That Time of the Month: An Excuse for Sexism All the Time

by Rachel Grate

“What’s the difference between a Woman with PMS and a Pit Bull?
Lipstick.” –

This is for every woman who, whether assertively stating an opinion or adamantly disagreeing with someone or showing the least bit of emotion or…well, really doing anything at all, has been dismissed with a simple, “Looks like someone’s on her period!”

PMS. I’ve been warned of its dangers since childhood, about how each month women turn into dangerous beings whose only capacities are whining, yelling and eating chocolate. (And to be clear, I’m discussing PMS strictly in terms of supposed emotional effects on women, not in terms of the very real physical symptoms of menstruation.)

Now, don’t get me wrong, I love an excuse to eat chocolate – but that excuse isn’t worth the lack of respect my emotions and opinions are given if one even suggests that I’m on my period. (Besides, I like to think that I can eat chocolate at any time of the month, regardless of whether or not I have an “excuse” to enjoy it.)

In reality, claiming women are essentially incapable of rational thought for essentially a quarter of their reproductive lives (assuming one’s period is monthly and lasts a week) is just another underhanded way to rationalize keeping them out of positions of power.
Don’t believe me? Think back to the 2008 elections. (You may remember this quote from Miss Representation the documentary.)When Fox News anchor Bill O’Reilly asked guest Marc Rudov what the downside to a woman (Hillary Clinton) in the Oval Office would be, Rudov replied, “You mean besides the PMS and the mood swings?”

Rudov later said he was joking (and that “the main problem I have is if a woman has a female agenda”, whatever that means). But PMS jokes aren’t funny when they discount a woman’s potential and intelligence. And I’ve never heard a PMS joke that doesn’t do just that. And boy, are there a lot of PMS jokes: check out the joke page I linked to above and if that doesn’t satisfy you, there are about 4,270,000 more Google results pages you can take a look at.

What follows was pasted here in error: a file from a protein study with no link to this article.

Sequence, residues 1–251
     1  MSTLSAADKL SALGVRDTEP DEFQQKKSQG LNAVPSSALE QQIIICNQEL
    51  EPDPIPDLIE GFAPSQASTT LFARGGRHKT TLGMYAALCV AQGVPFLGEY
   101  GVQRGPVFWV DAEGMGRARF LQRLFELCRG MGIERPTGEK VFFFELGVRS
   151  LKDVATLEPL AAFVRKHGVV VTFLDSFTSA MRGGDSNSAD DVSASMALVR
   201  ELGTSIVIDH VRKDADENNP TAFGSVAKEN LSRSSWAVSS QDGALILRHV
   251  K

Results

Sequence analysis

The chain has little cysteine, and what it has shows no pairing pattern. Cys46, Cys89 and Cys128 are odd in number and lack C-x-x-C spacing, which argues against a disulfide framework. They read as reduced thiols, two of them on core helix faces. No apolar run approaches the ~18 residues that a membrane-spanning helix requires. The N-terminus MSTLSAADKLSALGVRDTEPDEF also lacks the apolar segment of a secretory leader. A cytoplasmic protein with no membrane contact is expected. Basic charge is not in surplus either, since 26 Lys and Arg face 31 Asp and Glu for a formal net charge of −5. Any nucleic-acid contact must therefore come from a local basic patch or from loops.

There’s a term for when one’s perspective is dismissed: Gaslighting. To quote Wikipedia, gaslighting “is a form of psychological abuse in which false information is presented with the intent of making a victim doubt his or her own memory and perception.” So when a woman points out someone’s wrongdoing and they play the PMS card, they’re trying to make the woman doubt that she is able to properly assess whether or not it was wrongdoing. They are making her doubt the validity of her own perception.

There’s another part of that definition of gaslighting that needs to be addressed: “false information.” Whether or not the medical existence of emotional PMS as distinct from physical discomfort or PMDD is in question, but I personally neither have the medical expertise to make that call nor the desire to dismiss anyone’s personally experience by doing so. Nonetheless, I think we can all agree that even if women do suffer from some emotional symptoms during her period, we don’t completely transform into a lipstick-wearing pit bull.

A menstruating woman doesn’t lose her rationality, just as a man with an annoying paper cut is still capable of making decisions.# So saying one is slightly grumpy because of PMS? That may be valid, though presumably no one besides the woman herself would know her cycle well enough to make that judgment. But dismissing one’s opinions because they’re ‘unstable’? That’s gaslighting, and startlingly reminiscent of the catchall “hysteria” diagnosis of the 19th century.

Disturbingly, it’s not just overtly sexist jokes or oblivious individuals misusing PMS. The June 2012 issue of Cosmopolitan claims that “PMS triggers all those annoying symptoms: bloating, bitchiness, serious junk-food cravings” and a “Brain Haze” that inhibits your ability to make decisions. Their solution? Sex or shopping. Aren’t women capable of more than that – at all times of the month?

This insistence that PMS restricts women’s intelligence is preventing women from being taken seriously. So next time someone dismisses your or another woman’s opinion with the excuse of PMS, call them out on it. Calmly request that in the future, they try to take other’s input seriously without writing it off in a “joke.” (Not to mention, nothing makes me angrier and more intent on proving my point than someone using a PMS line on me, so it’s really an ineffective method to make me shut up.)

I can’t think of any better way to end any piece of writing ever written than with a quote by Gloria Steinem:

“If women are supposed to be less rational and more emotional at the beginning of our menstrual cycle when the female hormone is at its lowest level, then why isn’t it logical to say that, in those few days, women behave the most like the way men behave all month long?”

Rachel Grate is an intern at and a student at Scripps College, where she is studying English and Gender & Women’s Studies. Connect with her via LinkedIn.